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Chaos eating

What is unfamiliar becomes familiar through a kind of curious exposure. To venture into the unfamiliar, we depart from the comfort of knowing into the anxiety of unknowing. With repetition, our curiosity rewards us with a perception of the nuances and variables involved in traveling a particular path, allowing us to overtime modulate and play creatively with what was once unknown and inaccessible.

‘The mind is just a reflex organ.
It reacts to everything.’
– Socrates (Peaceful Warrior)

Our minds are sticky; as we live experiences, we reflexively attach to more and more associations and impressions; what cannot be understood we tend to stick to the most. The mind naturally seeks to understand the unknown through analysis until we begin to sense again this feeling of safety; of knowing.

The value of a puzzle is in its understanding. When a puzzle is solved, it loses much of it’s value. In this respect chaos is an essential prerequisite to growth and learning of any kind, and we need a constant steady supply. We must feed ourselves a little chaos each day to add continually to our maps of reality.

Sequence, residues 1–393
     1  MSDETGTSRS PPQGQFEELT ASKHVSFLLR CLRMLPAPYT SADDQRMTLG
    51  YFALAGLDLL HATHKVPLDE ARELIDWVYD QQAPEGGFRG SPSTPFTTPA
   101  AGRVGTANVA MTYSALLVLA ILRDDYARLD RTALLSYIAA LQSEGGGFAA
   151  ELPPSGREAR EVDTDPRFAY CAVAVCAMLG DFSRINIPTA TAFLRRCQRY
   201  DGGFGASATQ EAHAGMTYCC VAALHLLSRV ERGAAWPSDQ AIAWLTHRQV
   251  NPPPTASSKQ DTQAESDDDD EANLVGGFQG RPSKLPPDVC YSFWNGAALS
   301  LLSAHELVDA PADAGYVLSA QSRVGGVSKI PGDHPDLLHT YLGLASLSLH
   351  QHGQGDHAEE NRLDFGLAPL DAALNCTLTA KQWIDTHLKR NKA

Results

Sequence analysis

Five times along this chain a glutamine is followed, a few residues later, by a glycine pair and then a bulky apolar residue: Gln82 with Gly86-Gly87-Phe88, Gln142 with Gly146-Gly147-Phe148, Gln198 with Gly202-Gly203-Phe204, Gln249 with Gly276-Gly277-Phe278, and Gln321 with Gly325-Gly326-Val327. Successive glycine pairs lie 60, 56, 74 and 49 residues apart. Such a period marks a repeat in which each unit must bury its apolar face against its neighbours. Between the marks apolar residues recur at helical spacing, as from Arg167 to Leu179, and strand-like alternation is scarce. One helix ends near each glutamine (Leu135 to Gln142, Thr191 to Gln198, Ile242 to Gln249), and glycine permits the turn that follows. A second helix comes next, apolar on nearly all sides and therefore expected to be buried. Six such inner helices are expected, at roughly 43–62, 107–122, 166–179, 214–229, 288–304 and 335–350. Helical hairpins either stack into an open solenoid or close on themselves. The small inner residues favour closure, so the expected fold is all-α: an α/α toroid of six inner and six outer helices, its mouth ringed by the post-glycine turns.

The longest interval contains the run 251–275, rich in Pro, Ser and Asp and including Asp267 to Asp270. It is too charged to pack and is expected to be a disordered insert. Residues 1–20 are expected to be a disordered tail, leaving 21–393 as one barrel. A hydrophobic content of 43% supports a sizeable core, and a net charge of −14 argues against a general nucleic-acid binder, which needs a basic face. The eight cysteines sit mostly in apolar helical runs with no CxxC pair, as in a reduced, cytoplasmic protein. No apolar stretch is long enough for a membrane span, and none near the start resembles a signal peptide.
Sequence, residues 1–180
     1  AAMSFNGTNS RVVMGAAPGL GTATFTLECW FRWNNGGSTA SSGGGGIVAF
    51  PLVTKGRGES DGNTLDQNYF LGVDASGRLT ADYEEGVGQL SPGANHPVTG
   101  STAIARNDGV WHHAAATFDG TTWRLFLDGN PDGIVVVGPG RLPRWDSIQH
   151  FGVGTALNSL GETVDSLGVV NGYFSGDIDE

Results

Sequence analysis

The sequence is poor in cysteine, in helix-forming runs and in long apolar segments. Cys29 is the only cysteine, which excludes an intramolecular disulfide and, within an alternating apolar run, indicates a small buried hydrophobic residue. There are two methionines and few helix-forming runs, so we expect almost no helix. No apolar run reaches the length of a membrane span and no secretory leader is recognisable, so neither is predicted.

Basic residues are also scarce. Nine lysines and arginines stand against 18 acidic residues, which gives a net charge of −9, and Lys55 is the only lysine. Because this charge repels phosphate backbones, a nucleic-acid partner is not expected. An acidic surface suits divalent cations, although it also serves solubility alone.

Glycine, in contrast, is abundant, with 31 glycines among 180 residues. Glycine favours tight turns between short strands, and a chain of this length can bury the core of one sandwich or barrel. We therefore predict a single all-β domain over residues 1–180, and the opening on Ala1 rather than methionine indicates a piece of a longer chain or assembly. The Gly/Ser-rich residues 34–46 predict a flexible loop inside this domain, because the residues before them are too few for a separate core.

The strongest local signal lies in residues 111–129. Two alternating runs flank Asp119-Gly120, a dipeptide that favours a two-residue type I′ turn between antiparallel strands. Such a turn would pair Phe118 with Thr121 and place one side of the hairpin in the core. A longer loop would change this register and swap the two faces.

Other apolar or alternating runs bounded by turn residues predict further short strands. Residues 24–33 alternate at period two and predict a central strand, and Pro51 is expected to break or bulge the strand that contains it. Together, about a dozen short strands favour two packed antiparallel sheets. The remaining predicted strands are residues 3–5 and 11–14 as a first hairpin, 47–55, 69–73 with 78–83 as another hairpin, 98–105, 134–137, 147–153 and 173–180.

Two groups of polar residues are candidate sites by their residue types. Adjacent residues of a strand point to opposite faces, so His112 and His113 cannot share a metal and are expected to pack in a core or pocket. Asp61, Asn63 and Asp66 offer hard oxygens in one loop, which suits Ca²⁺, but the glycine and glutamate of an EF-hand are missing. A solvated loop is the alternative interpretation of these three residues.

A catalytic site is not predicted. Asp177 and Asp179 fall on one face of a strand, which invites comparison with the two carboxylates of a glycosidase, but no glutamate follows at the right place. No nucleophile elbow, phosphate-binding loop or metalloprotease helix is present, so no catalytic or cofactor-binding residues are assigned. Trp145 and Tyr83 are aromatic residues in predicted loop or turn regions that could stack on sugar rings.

Stagnation is a symptom of a hunger for the unknown. When we desire only to rest in the safety of what we know, we trap ourselves in pathological order – An order that rejects curiosity, favoring excessive curation of what is already known. On the other side we have unbridled chaos – A chaos too cryptic, thus rendered traumatically confusing.

We walk in chaotic potential when we venture just a little beyond our knowledge boundaries. With humility we see where we lack and then can hone in on the areas of most potential. Risk and potential exist in symbiosis, and calculated risk maximizes potential.

“Uncertainty is an uncomfortable position.
But certainty is an absurd one.”
– Voltaire

Daniel Arce - Chaos Order scale (2020) Photo Print
[Pictured] Chaos Order Scale (2020) – Also included in A Neurotic Book Of Shadow Integration (2021)

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